“Kimmapiiypitssini” in Blackfoot in short means empathy and involves giving kindness to each other and feeling for others and you are blessed if you show it. Perhaps for me it is a vital component of mindful living.
Aa one police officer on the Blackfoot Reserve in Southern Alberta muses what would our people be like without colonization.
Yes many of us know about how the “Indians” of yesteryear succumbed to firewater but now, as with much of North America the latest scourge is fentanyl and opioids that are ravaging this Blackfoot reservation. No family is unaffected and not being in an urban centre treatment options are limited.
The documentary paints a dire picture of the drug plague in the Kainai First Nation in Southern Alberta. The documentary presents an exhaustive analysis of the rampant drug abuse problem facing the community.
The community is fighting back doing the best that it can and you’ll hear from physicians, nurses, EMS personnel, addicts, addiction counsellors, pharmacists and the many involved in what I see as an anti-addiction industry.
Thousands of lives lost mostly young adults in the 20–40-year-old range. It is so bad many babies are born addicted and need rehab through morphine so that they do not die from withdrawal. It is so bad that in 48 hours at one point there were 22 overdoses in the reserve.
Fentanyl raised its ugly head in 2014 on the reserve and the documentary certainly transmits the feeling of grief and loss amongst all the families.
The solution involves pouring resources, time and effort like battling a forest fire that is out of control. But the community is not giving up despite a battle between those of the older generation where alcohol was the killer and abstinence was the cure but these are new types of poison where perhaps “harm reduction” is a newer and more appropriate solution such as safe injection and drug taking sites.
Perhaps Lethbridge offers better resources but the indigenous population is not welcome there by white residents and prompting white resident Bradley Grey to beat to death a Blackfoot Indian and seriously injure another. The community of the Blackfoot responded by starting the Sage Clan street patrol a few nights a week to check for Blackfoot’s in danger. Sadly Sly Daniels a member of the Sage Clan a former addict later succumbs to an overdose.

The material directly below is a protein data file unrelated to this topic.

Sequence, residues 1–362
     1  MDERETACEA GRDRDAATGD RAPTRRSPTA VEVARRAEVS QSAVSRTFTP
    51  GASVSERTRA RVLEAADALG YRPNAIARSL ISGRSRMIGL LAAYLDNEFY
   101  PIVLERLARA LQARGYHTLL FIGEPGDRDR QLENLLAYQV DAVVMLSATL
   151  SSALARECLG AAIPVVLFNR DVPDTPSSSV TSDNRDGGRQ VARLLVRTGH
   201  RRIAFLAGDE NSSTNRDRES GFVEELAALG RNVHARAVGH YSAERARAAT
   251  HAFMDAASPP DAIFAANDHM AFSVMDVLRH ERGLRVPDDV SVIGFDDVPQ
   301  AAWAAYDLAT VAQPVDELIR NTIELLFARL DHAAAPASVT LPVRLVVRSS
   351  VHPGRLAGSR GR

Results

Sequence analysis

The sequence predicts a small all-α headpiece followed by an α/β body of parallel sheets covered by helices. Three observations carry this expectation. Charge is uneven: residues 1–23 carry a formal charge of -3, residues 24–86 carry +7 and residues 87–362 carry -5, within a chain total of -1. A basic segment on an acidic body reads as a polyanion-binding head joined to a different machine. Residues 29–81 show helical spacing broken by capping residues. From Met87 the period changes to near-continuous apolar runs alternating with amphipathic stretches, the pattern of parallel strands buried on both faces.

Then there are Leah and George who you might classify as lost cases their faces ravaged by years of alcohol and drug abuse that come across as perpetual losers in their struggle to reach sobriety. George has been a victim of residential school abuse that has ravaged his soul.
The documentary presents a comprehensive view of how things are which we should be grateful to producer and writer Elle-Maija Tailfeather for but the question of why this happened might have been further explained. One professional in the battle may have summed it up by saying the drug abuse problem can be traced back to residential schools, inter-generational disconnect, lack of education, lack of proper education, lack of proper parenting, lack of job training, lack of hope and no training on life skills. And perhaps a lack of Kimmapiiyipitssini by the Alberta government that cut funding to addiction resources in Lethbridge Alberta that now gives Lethbridge the highest rates of death due to drug poisoning in Canada.
Yet in our Canadian media we hear more about “Black Lives Matter”, an American concept, than we do about “Indigenous Lives Matter”. This is Canada not the United States. For me it is about “All Lives Matter”.
This world premiere documentary is part of Toronto Hot Docs and is just over two hours in length. It is available in Canada only from April 29 to May 9. Tickets can be purchased at https://hotdocs.ca/p/hot-docs-festival
See the trailer here https://www.youtube.com/watch?v=UmbaZdnpZkU&t=3s